Intel CPUs Reportedly Vulnerable To New "SPOILER" Speculative Attack
Written by Michael Larabel in Linux Security on 5 March 2019 at 09:28 AM EST. 78 Comments
LINUX SECURITY --
SPOILER is the newest speculative attack affecting Intel's micro-architecture.

Researchers out of the Worcester Polytechnic Institute and University of Lubeck discovered this new speculative attack dubbed SPOILER, Speculative Load Hazards Boost Rowhammer and Cache Attacks.

Intel was notified of this issue a few months ago but no software/hardware fix appears ready yet, while the researchers claim there might not be an effective software solution available at least anytime soon -- and any mitigation would likely come at a performance cost, as we've seen with Spectre and Meltdown over the past year. AMD and ARM CPUs aren't believed to be impacted by SPOILER.
In this work, we are the first to show that the dependency resolution logic that serves the speculative load can be ex-ploited to gain information about the physical page mappings. Microarchitectural side-channel attacks such as Rowhammer and cache attacks rely on the reverse engineering of the virtual-to-physical address mapping. We propose the SPOILER attack which exploits this leakage to speed up this reverse engineer-ing by a factor of 256. Then, we show how this can improve the Prime+Probe attack by a 4096 factor speed up of the eviction set search, even from sandboxed environments like JavaScript. Finally, we improve the Rowhammer attack by showing how SPOILER helps to conduct DRAM row conflicts deterministically with up to 100% chance, and by demonstrat-ing a double-sided Rowhammer attack with normal user’s privilege. The later is due to the possibility of detecting contiguous memory pages using the SPOILER leakage.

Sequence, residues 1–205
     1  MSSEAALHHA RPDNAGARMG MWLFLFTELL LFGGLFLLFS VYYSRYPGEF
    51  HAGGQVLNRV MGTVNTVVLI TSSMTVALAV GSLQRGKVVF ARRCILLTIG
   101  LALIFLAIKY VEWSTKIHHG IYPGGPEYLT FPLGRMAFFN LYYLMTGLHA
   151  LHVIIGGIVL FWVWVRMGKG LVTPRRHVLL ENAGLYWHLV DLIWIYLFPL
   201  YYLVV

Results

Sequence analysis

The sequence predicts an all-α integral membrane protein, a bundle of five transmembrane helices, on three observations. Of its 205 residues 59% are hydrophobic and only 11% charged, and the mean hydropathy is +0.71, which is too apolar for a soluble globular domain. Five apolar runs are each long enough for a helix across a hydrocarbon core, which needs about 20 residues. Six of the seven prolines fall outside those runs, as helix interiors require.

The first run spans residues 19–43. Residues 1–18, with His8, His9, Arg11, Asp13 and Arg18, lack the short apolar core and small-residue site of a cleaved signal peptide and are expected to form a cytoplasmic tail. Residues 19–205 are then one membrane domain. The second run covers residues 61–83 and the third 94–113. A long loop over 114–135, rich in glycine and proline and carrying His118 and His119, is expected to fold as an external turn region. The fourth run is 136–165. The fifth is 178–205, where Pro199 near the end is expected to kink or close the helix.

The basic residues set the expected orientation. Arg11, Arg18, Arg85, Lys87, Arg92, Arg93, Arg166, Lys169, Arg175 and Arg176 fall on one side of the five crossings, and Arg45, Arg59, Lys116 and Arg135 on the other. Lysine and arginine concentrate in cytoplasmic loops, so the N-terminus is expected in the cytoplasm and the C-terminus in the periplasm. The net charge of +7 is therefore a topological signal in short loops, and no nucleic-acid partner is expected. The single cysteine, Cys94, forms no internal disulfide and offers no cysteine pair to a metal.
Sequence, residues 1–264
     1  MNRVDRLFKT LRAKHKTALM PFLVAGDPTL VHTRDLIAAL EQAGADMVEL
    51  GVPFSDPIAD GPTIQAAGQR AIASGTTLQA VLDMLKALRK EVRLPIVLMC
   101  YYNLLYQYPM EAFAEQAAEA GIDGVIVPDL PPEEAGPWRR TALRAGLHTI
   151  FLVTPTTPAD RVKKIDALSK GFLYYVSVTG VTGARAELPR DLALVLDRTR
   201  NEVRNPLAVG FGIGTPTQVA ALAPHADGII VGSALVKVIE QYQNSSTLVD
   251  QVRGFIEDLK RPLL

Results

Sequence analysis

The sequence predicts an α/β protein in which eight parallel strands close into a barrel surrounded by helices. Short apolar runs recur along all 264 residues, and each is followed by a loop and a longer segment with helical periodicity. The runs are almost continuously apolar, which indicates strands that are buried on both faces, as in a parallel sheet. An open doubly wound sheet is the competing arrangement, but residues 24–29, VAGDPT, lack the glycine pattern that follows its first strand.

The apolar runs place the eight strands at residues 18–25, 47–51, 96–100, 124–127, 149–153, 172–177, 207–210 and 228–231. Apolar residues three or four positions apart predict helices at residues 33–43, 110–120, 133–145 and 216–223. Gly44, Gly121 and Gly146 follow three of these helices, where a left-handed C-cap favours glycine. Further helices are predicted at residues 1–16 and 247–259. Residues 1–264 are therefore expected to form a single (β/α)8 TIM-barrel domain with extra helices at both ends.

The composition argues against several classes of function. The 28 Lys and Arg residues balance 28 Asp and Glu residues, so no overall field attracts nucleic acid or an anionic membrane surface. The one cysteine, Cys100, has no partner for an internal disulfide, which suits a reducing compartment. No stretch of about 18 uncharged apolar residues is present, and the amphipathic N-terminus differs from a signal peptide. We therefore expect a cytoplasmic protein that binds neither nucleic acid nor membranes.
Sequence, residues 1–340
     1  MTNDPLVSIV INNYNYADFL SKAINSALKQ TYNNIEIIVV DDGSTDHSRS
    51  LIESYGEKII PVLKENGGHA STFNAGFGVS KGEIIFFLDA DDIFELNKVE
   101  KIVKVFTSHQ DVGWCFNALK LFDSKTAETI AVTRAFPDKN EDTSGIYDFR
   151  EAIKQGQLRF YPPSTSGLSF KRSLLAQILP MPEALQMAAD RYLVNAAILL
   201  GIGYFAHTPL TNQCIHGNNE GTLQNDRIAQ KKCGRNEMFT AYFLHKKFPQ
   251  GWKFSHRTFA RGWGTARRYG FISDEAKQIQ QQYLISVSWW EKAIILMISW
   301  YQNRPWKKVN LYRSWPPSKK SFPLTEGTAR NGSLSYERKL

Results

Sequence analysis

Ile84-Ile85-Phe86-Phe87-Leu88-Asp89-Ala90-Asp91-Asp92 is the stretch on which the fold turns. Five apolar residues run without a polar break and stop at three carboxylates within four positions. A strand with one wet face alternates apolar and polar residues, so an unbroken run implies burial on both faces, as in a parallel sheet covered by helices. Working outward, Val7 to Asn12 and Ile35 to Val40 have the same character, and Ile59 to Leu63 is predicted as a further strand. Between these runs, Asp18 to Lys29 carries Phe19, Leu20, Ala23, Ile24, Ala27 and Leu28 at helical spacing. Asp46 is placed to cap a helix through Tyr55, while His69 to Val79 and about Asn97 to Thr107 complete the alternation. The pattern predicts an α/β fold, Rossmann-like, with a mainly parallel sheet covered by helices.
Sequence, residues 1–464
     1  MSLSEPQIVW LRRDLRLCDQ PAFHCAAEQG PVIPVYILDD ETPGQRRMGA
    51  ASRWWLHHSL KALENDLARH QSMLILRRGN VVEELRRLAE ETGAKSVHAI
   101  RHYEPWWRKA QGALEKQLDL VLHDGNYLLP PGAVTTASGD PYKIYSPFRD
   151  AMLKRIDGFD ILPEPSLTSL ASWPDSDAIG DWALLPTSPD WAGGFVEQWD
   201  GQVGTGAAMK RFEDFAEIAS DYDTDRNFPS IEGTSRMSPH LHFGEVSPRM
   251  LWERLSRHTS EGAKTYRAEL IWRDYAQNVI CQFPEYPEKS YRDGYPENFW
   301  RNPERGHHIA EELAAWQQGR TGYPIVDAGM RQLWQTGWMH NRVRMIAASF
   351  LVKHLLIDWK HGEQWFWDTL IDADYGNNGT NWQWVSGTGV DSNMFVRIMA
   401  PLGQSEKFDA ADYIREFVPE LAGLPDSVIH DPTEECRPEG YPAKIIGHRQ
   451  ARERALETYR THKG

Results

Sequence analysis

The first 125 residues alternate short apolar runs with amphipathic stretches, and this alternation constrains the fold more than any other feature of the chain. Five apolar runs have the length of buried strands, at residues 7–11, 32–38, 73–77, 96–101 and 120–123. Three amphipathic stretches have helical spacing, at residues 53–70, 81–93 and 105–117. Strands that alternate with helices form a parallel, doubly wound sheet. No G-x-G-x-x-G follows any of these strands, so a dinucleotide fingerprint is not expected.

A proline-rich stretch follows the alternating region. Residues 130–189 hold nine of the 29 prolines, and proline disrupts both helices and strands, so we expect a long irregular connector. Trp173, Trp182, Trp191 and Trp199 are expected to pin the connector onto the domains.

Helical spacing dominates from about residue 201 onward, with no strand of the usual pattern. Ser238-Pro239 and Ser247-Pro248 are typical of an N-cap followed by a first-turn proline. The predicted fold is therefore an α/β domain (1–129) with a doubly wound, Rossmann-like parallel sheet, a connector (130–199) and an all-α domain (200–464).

The SPOILER research paper can be read here.

Update: An Intel spokesperson has provided us with the following statement:
"Intel received notice of this research, and we expect that software can be protected against such issues by employing side channel safe software development practices. This includes avoiding control flows that are dependent on the data of interest. We likewise expect that DRAM modules mitigated against Rowhammer style attacks remain protected. Protecting our customers and their data continues to be a critical priority for us and we appreciate the efforts of the security community for their ongoing research."
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Michael Larabel is the principal author of Phoronix.com and founded the site in 2004 with a focus on enriching the Linux hardware experience. Michael has written more than 20,000 articles covering the state of Linux hardware support, Linux performance, graphics drivers, and other topics. Michael is also the lead developer of the Phoronix Test Suite, Phoromatic, and OpenBenchmarking.org automated benchmarking software. He can be followed via Twitter or contacted via MichaelLarabel.com.

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